To assess the effect of RcP on cell viability and virus infection, we therefore performed a dose response assay to determine the effective concentration of 50% (EC50) and the cytotoxicity concentration of 50% (CC50) values for RcP. BHK-21 cells were infected with CHIKV-nanoluc and treated with RcP at concentrations ranging from 3.9 to 500 μM and viral replication efficiency was evaluated measuring activities of nanoluciferase reporter at 16 h.p.i. (Figure 1C). In parallel, cell viability was measured by MTT assay. The results showed that RcP was able to completely block the virus replication while the minimum cell viability was 84% of that of DMSO treated control cells (Figure 1D). By the use of this range of concentrations, it was determined that the RcP complex has an EC50 of 32 μM, CC50 > 1,300 μM and Selective Index (SI) of 43.

Since the complex was shown to be strongly active against CHIKV at a concentration of 125 μM with no cytotoxicity, we also evaluated effects of its precursors, the hydrate ruthenium salt RuCl3.xH2O (Ru) and the α-Phellandrene (α-Ph), at this concentration on cell viability and viral replication. Cells were infected with CHIKV-nanoluc at the MOI of 0.1 and treated with RcP, Ru or α-Ph at 125 μM. The efficiency of viral replication and cell viability were evaluated after 16 h by luminescence and MTT assays, respectively (Figure 1C). The results showed that RcP significantly (p < 0.01) inhibited 91% of CHIKV replication and presented no toxicity to cells (Figure 1E). Albeit, Ru and α-Ph decreased cell viability and/or presented reduced antiviral activity compared to the complex (p < 0.01) (Figure 1E). This data demonstrated that RcP exhibited the best therapeutic index (favorable ratio of cytotoxicity to antiviral potency) and was therefore selected for further analysis.

RcP Strongly Inhibits CHIKV Entry to the Host Cells

The antiviral activity of the RcP at 125 μM on different stages of CHIKV replication was analyzed by infecting cells with CHIKV-nanoluc at the MOI of 0.1 and measuring luminescence levels 16 h.p.i., for all performed assays.

First, BHK-21 cells were pretreated with RcP for 1 h at 37°C, washed with PBS to completely remove the compound and then were infected with CHIKV-nanoluc (Figure 2A). In this experiment, the RcP demonstrated a modest yet significant (p < 0.01) reduction of 23% of luminescence levels (Figure 2A).


Figure 2. Time of addition analysis reveals that RcP mainly inhibits entry step of CHIKV infection. (A) Schematic presentation and results of pre-treatment experiment. (B) Schematic presentation and results of experiment analyzing effect of RcP on early stages of infection. (C) Schematic presentation and results of post-treatment experiment. For all assays, CHIKV replication was analyzed by measuring of nanoluc activity at 16 h.p.i. Mean values of a minimum of three independent experiments each measured in triplicate. ***P < 0.01 was considered significant.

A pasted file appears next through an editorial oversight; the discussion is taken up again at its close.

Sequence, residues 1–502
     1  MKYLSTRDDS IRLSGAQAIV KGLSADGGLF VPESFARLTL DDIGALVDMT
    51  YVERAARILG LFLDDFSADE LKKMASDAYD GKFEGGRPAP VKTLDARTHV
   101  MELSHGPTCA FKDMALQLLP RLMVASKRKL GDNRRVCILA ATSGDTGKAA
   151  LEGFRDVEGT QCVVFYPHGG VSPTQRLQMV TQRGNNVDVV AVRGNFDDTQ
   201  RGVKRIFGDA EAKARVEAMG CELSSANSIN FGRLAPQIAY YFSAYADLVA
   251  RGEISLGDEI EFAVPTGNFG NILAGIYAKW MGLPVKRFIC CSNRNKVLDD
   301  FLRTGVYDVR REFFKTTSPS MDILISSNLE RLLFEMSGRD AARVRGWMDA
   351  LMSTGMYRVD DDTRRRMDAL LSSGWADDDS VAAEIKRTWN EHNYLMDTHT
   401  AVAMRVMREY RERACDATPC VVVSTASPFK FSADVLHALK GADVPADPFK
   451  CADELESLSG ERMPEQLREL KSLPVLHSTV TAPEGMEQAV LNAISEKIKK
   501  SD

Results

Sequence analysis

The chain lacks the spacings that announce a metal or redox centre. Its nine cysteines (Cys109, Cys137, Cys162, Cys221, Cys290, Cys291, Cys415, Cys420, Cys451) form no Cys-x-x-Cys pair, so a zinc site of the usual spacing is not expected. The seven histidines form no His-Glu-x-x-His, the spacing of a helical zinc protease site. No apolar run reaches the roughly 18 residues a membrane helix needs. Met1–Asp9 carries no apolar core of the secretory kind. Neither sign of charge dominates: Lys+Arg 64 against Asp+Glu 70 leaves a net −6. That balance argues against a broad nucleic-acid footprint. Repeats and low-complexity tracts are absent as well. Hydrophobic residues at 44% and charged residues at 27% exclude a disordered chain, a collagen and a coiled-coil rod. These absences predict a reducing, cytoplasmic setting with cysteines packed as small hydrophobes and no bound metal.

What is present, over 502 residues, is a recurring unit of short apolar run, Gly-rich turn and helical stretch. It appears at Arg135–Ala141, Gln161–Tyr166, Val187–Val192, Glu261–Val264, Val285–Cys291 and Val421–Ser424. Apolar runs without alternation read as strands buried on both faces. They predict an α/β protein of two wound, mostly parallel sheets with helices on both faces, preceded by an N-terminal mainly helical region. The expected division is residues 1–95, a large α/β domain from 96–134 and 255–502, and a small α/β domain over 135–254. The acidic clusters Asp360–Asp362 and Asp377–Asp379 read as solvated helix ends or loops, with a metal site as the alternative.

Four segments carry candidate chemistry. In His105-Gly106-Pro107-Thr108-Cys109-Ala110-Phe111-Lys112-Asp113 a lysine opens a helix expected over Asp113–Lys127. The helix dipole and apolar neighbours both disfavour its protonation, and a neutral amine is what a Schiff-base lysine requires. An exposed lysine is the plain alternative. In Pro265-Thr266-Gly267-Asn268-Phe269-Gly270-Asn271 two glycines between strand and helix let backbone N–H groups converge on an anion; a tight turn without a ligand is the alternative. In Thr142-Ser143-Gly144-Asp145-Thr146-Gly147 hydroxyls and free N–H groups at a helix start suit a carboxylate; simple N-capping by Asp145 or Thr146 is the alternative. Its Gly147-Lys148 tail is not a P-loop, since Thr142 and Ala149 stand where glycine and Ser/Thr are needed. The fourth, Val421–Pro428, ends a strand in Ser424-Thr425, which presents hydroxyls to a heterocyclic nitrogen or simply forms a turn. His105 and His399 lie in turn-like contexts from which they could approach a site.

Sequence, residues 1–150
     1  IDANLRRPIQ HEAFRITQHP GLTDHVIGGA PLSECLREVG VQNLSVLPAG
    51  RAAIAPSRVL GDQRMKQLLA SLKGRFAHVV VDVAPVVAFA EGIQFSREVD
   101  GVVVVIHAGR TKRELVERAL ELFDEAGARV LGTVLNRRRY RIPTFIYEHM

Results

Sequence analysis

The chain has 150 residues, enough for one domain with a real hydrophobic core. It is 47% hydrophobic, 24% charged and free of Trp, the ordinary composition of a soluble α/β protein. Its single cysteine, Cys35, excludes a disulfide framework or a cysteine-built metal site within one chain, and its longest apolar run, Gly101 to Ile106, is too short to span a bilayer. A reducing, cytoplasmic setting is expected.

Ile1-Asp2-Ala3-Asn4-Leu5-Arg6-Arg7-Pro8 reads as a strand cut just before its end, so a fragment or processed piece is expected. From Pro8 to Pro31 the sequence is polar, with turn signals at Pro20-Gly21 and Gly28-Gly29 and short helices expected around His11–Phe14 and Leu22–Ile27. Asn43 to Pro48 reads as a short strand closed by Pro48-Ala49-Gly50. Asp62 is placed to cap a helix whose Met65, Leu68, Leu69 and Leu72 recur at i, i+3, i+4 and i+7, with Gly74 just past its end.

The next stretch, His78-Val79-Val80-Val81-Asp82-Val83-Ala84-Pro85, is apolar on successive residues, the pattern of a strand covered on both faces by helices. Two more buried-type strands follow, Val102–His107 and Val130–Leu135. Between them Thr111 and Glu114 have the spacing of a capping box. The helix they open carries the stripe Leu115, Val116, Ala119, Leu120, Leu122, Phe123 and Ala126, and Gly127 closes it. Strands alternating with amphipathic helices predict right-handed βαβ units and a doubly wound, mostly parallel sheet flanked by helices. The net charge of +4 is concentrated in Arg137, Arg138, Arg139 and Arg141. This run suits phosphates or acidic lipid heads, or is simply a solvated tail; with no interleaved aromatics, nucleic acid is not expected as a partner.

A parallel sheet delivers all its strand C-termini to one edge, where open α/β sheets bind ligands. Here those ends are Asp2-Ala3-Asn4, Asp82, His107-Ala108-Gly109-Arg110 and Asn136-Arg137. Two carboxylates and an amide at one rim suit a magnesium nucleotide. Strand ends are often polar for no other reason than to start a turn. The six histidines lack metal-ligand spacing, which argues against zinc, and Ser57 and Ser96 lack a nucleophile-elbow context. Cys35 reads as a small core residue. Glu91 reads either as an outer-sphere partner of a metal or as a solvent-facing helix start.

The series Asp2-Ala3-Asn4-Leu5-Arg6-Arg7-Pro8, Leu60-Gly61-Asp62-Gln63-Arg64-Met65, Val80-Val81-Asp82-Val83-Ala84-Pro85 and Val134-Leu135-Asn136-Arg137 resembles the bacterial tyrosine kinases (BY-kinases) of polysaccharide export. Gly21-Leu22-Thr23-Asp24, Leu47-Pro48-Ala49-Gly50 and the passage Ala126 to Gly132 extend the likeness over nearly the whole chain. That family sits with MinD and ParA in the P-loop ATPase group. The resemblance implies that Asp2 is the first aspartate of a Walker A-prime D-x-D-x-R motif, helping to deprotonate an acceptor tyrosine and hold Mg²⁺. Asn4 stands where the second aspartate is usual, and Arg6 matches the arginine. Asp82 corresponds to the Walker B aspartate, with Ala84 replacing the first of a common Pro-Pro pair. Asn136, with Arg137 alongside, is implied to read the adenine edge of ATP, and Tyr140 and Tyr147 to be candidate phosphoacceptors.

To evaluate the effect of RcP on the early stages of infection, virus and RcP were simultaneously added to BHK-21 cells, treatment lasted for 1 h, then washed with PBS and was followed by incubation in the absence of compound (Figure 2B). Under these conditions, treatment with RcP significantly (p < 0.01) and prominently (by ∼77%) reduced virus replication indicating that RcP inhibits virus entry to the host cells (Figure 2B).

In order to reveal whether RcP also inhibited post-entry steps, the cells were first infected with CHIKV-nanoluc for 1 h at 37°C, washed to remove unbound virus and then incubated with compound containing media (Figure 2C). RcP also demonstrated a modest yet significant (p < 0.01) reduction of 21% of luminescence levels when the treatment was performed after virus entry to the cells (Figure 2C). However, it cannot be excluded that RcP inhibited spread of progeny virus from infected cells to non-infected cells instead of post-entry stages. Altogether, our data clearly suggest that the predominant antiviral activity of RcP is related to its ability to inhibit the entry stage of the virus lifecycle. Therefore, the activity of RcP on CHIKV entry to the cells was further evaluated.

First, supernatant containing CHIKV-nanoluc was incubated with RcP for 1 h at 37°C, prior to the infection of cells, to investigate if the compound possesses a virucidal effect. The inoculum of virus and RcP was transferred to naïve BHK-21 cells and incubated for 1 h. Cells were washed to remove the inoculum and replaced with fresh media (Figure 3A). This assay revealed a very strong significant virucidal activity of RcP resulting in the complete blockage of virus infection (p < 0.01) (Figure 3A).